|LEFT: Sir/Madam Politicians, Where is the respect and fair play?|
RIGHT: FIFA World Cup = $33 billion
Olympics = $26 billion
Corruption = $50 billion
Minimum wage = 678 Reai$ (per month - just under $305 USD)
And you still think it's about the R$0.20?
If you've been following me for a while, you may know that I lived for a while in São Paulo, one of the first cities where the protests began. The international news only began to pick up what was going on in the last couple of days, but a few of us have been following the movement on Twitter and Facebook and Instagram since the start - and it's been incredible to watch.
|"the people have awakened, the people have decided - either this blatant robbery is shut down, or we will shut down Brazil"|
I guess I should start by clarifying that, as a generally very indignant world citizen, what bothered me most about Brazil or, more specifically, Brazilians, was their but-what-can-we-do attitude. I found myself engaging daily in some iteration of the following conversation:
me: How can you tolerate [insert gross injustice here]?!
Brazilian: Yeah, you know, it's horrible, but what can we do about it? *shrug*
me: I don't know, something! Anything! Protest! Just complain about something!
Brazilian: Nah, just don't worry about it! Things are the way they are! There's nothing to be done! *smile*
And then I would fume some and move on with my day.
Brazilians don't like to get worked up about things. They like to sit back, and relax, and would rather sweep issues under the rug if they can possibly avoid confronting them and as long as things look pretty. This has allowed corruption to run wild in the background as the government prepared a pretty face for the world in the foreground. So as you can imagine, when my Twitter and Facebook began to run wild #vemprarua (come into the streets) and #ogiganteacordou (the giant has awakened), I was so pleasantly surprised and proud and just plain thrilled I could almost have cried.
The trigger for the protests was a small increase in bus fare, but the real reasons for discontent lie in decades of corruption and high taxes coupled with low services - I once heard it described as "France's taxes but Somalia's services". Most cities have already rescinded the hike in transportation fares - a small victory - but the protests continue. And, for Brazil's sake, I hope they continue until the government is forced to establish better transparency and accountability in their budgeting.
However, I am afraid to get my hopes up too high. The protestors are primarily young, white, upper-class students with few strong political ties, and while their complaints are more specific and their demands clearer, I fear that it may resemble the Occupy movement (which I am going to go out on a limb and say was stupid - feel free to voice your outrage in the comments) more than a true Revolution.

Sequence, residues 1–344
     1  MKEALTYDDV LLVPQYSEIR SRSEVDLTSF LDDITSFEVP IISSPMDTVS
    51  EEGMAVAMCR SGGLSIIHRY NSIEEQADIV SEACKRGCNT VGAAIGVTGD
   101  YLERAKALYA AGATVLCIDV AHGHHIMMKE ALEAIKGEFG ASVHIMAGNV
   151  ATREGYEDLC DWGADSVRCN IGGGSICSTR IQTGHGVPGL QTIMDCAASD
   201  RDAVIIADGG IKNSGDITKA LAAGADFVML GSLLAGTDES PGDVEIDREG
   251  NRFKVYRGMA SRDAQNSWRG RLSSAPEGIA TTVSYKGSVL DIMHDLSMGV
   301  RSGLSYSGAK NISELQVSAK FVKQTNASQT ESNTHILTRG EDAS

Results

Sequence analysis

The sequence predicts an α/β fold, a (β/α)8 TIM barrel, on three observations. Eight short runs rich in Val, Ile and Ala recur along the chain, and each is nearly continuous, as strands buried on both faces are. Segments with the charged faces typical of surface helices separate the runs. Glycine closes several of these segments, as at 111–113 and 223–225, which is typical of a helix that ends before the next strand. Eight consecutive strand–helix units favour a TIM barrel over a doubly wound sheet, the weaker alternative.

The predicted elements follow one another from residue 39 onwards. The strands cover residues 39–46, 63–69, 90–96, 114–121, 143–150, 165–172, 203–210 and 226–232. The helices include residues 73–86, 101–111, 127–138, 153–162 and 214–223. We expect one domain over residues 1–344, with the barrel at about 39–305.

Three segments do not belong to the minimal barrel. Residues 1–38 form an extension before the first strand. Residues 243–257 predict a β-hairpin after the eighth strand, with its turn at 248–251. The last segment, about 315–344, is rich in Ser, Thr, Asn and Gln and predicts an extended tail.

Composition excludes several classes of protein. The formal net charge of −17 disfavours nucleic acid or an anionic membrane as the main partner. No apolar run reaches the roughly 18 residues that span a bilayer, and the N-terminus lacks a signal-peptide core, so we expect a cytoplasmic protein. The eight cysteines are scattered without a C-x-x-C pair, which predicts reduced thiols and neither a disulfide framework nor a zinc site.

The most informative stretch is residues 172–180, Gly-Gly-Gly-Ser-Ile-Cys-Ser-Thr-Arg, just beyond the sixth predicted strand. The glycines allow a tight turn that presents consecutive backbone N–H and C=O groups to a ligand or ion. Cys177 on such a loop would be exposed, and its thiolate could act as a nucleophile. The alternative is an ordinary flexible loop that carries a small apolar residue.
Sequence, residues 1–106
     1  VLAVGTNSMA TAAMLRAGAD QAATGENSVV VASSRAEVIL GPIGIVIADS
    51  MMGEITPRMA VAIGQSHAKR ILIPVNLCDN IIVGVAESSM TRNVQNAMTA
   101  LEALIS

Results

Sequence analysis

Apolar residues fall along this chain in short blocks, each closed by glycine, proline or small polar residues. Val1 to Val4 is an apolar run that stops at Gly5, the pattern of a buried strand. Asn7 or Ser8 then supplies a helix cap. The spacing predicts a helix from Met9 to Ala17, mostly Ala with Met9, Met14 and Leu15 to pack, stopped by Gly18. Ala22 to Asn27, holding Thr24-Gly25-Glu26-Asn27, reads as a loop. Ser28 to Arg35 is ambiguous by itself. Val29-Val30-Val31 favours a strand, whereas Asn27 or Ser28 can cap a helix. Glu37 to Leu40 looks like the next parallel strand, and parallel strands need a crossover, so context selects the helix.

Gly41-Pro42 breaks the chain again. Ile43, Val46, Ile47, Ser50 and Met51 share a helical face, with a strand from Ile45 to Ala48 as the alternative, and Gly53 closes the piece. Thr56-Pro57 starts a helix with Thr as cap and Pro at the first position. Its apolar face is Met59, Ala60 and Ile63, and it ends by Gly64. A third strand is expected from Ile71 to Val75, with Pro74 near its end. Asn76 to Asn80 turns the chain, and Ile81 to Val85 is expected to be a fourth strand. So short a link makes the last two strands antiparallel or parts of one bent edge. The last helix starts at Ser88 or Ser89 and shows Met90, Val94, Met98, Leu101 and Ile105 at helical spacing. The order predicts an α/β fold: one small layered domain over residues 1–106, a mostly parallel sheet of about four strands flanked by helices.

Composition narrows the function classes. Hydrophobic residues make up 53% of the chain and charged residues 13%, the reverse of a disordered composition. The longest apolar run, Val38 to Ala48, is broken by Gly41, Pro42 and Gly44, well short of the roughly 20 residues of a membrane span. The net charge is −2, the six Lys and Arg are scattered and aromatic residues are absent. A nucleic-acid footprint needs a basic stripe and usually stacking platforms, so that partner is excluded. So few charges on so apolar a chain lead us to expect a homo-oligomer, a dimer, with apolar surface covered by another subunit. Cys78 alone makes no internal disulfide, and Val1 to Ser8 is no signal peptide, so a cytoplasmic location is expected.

This is a country where a politician's salary is upwards of 25x the minimum wage and comes with a house, car, cell phone plan, and access to public funds, where the openly racist and homophobic head of the Human Rights Commission is the one attempting to push projects like the "gay cure" bill through Congress, where people literally lie down in crowded hallways while awaiting treatment in public hospitals, where education is so bad that kids from public high schools can only dream of university, and whose government, instead of investing in the healthcare and education systems that are so sorely lacking, has decided to spend more on building stadiums for the FIFA World Cup than the last three world cup hosts combined - they have a lot to complain about. The question will be whether they have the conviction to keep this up, and whether those that suffer the true consequences of corruption in Brazil - the poor, the lower-class, the uneducated - will join them. Let's hope their what-can-we-do attitude doesn't get the better of them.
In the meantime, if you were thinking about it (I know I was), I encourage you to reconsider a trip to the World Cup. If you need better convincing - I know I haven't been very thorough-, see this and this. If you'd like to show your support or know more, Made In Brazil* has information on upcoming protests in Milan and NYC here.
*And also a wealth of photos of the best abs Brazil's got to offer
The opinions voiced here are mine - I'd love to hear your take! Images via Business Insider, The Atlantic Cities, USA Today, and BBC.
NOTE: Portions of this article were later featured in a BusinessWeek article - find it here.